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Background:
I want to test some bash scripts in a modified environment with a restricted bash. In a restricted bash I am not allowed to redirect a stream to a file e.g. 2>/dev/null
I found a workaround by simply closing the stream with e.g. 2>&-

While trying here and there I found no effective difference between 2>/dev/null and 2>&-
The STDERR output is swallowed up and doesn't appear.

$ bash -c 'ls FOO'
ls: cannot access FOO: No such file or directory
$ bash -c 'ls FOO 2>/dev/null'
$ bash -rc 'ls FOO 2>/dev/null'
bash: /dev/null: restricted: cannot redirect output
$ bash -rc 'ls FOO 2>&-'
$ bash -rc 'ls FOO 2>&- ; ls BAR'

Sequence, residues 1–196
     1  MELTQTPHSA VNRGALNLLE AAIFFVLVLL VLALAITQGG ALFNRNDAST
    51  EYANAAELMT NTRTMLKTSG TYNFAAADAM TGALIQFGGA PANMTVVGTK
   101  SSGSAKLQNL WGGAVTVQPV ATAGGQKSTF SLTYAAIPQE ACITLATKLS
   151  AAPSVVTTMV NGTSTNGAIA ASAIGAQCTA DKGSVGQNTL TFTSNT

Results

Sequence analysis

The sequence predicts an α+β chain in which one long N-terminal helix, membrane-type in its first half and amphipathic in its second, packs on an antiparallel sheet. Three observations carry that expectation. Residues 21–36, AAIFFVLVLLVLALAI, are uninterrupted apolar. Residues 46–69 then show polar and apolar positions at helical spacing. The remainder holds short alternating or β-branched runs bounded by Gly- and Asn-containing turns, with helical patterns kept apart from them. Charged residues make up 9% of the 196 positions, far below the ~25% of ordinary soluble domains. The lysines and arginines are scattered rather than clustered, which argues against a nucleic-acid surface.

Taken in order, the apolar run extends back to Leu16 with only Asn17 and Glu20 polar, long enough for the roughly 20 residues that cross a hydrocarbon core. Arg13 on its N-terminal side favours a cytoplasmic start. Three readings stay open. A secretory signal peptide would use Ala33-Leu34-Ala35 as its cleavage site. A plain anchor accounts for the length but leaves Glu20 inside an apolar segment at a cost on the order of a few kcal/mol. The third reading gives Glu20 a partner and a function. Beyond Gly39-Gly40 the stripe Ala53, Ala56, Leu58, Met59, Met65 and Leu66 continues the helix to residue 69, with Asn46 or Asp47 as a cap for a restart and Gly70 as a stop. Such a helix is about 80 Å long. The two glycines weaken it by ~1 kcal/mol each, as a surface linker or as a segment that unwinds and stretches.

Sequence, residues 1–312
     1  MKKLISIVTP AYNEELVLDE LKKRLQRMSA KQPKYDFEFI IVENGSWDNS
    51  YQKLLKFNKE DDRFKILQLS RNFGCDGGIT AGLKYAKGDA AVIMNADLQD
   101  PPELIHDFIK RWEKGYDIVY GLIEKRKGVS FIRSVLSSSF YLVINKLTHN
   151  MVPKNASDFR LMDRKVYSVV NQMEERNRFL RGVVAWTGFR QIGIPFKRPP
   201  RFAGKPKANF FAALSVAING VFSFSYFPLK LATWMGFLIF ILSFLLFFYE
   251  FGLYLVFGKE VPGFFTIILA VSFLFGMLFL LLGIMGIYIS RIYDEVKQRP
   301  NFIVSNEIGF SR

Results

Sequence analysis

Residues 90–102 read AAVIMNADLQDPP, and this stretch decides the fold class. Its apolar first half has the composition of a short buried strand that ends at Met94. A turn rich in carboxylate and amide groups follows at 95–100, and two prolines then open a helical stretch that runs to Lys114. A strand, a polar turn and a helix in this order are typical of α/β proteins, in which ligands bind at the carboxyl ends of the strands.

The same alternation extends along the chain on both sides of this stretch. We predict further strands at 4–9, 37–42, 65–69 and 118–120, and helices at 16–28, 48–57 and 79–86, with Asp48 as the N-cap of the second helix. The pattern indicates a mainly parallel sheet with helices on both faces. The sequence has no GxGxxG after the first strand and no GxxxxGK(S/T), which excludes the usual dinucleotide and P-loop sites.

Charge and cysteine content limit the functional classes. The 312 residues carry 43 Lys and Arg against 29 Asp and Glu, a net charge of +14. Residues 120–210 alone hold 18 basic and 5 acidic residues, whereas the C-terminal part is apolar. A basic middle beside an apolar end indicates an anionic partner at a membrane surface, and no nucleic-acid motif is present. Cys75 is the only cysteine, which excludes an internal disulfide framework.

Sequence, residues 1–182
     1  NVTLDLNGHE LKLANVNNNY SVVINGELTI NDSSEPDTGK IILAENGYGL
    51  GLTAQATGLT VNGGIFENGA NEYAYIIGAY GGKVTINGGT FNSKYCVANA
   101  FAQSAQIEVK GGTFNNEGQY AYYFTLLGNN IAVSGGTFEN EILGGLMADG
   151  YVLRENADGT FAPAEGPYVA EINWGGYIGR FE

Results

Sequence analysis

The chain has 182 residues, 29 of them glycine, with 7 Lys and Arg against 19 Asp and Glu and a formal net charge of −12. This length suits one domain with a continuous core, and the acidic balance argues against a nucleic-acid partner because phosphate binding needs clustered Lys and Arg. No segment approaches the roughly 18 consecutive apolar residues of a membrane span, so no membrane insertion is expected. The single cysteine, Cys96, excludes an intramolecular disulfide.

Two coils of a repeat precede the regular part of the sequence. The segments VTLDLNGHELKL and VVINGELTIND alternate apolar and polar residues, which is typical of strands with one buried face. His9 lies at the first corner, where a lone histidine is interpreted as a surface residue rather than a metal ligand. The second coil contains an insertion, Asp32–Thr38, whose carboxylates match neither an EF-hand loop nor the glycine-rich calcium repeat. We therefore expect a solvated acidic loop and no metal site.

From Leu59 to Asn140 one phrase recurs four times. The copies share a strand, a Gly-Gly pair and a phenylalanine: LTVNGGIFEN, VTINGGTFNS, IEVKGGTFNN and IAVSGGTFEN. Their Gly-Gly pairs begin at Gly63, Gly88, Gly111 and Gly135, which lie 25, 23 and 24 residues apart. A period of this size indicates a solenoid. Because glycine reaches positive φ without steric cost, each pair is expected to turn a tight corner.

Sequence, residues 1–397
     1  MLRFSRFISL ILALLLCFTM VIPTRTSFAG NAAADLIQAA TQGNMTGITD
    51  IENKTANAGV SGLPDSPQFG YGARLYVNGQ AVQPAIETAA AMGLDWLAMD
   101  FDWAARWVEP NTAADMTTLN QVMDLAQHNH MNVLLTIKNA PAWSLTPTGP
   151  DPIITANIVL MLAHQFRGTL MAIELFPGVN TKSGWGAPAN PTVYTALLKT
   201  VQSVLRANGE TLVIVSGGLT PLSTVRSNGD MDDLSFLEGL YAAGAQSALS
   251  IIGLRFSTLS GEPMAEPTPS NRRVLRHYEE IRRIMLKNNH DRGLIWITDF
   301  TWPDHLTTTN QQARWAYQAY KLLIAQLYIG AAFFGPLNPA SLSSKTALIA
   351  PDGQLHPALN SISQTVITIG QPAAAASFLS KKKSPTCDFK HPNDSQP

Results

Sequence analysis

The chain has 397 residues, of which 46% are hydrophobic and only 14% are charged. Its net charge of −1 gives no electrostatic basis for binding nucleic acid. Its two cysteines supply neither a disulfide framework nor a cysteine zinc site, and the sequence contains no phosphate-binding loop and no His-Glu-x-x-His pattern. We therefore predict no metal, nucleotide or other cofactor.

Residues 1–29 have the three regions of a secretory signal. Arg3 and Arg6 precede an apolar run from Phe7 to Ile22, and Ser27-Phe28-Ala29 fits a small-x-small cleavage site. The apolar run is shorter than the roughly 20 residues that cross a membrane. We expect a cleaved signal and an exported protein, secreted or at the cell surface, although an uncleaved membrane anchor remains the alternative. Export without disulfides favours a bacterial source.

ls: cannot access BAR: No such file or directory

I guess the processing inside bash is different but that's not important to me. What IS important to me, is can the general closing instead of redirecting to /dev/null cause any problems?

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1 Answer 1

up vote 7 down vote accepted

It depends upon what the program is doing.

If you close(2) a file descriptor, then a future open(2) would re-use the same file descriptor. Also, future write(2) (without any open) would fail with EINVAL.

Most programs don't bother to check if e.g. printf(3) succeeded (in theory, they should).

If you successfully redirect to /dev/null write(2) is always successful. Read null(4).

I recommend redirecting to /dev/null when possible.

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okay so basically if I invoke a program and close STDERR, the program could see that a write / printf etc. fails? Thank you for your detailed answer, it helped me very much –  Hachi Mar 12 at 14:00

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